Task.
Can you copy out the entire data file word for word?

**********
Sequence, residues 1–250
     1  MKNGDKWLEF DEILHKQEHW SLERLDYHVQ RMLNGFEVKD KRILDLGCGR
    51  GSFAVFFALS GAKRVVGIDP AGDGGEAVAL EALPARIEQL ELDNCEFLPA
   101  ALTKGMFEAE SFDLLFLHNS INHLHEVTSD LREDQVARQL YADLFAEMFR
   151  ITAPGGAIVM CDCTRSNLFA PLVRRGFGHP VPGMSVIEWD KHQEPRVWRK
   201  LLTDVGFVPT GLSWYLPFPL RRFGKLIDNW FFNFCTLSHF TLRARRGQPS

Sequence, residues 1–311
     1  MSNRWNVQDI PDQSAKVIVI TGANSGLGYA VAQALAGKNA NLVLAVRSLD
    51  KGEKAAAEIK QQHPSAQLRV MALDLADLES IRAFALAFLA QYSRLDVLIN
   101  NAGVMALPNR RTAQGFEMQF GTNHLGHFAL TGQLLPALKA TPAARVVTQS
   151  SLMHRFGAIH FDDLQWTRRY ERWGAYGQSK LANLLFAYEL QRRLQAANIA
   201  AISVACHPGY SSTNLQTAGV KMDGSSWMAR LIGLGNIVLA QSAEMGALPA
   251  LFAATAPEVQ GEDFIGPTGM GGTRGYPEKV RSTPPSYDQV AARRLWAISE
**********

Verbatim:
Sequence, residues 1–250
     1  MKNGDKWLEF DEILHKQEHW SLERLDYHVQ RMLNGFEVKD KRILDLGCGR
    51  GSFAVFFALS GAKRVVGIDP AGDGGEAVAL EALPARIEQL ELDNCEFLPA
   101  ALTKGMFEAE SFDLLFLHNS INHLHEVTSD LREDQVARQL YADLFAEMFR
   151  ITAPGGAIVM CDCTRSNLFA PLVRRGFGHP VPGMSVIEWD KHQEPRVWRK
   201  LLTDVGFVPT GLSWYLPFPL RRFGKLIDNW FFNFCTLSHF TLRARRGQPS

Sequence, residues 1–311
     1  MSNRWNVQDI PDQSAKVIVI TGANSGLGYA VAQALAGKNA NLVLAVRSLD
    51  KGEKAAAEIK QQHPSAQLRV MALDLADLES IRAFALAFLA QYSRLDVLIN
   101  NAGVMALPNR RTAQGFEMQF GTNHLGHFAL TGQLLPALKA TPAARVVTQS
   151  SLMHRFGAIH FDDLQWTRRY ERWGAYGQSK LANLLFAYEL QRRLQAANIA
   201  AISVACHPGY SSTNLQTAGV KMDGSSWMAR LIGLGNIVLA QSAEMGALPA
   251  LFAATAPEVQ GEDFIGPTGM GGTRGYPEKV RSTPPSYDQV AARRLWAISE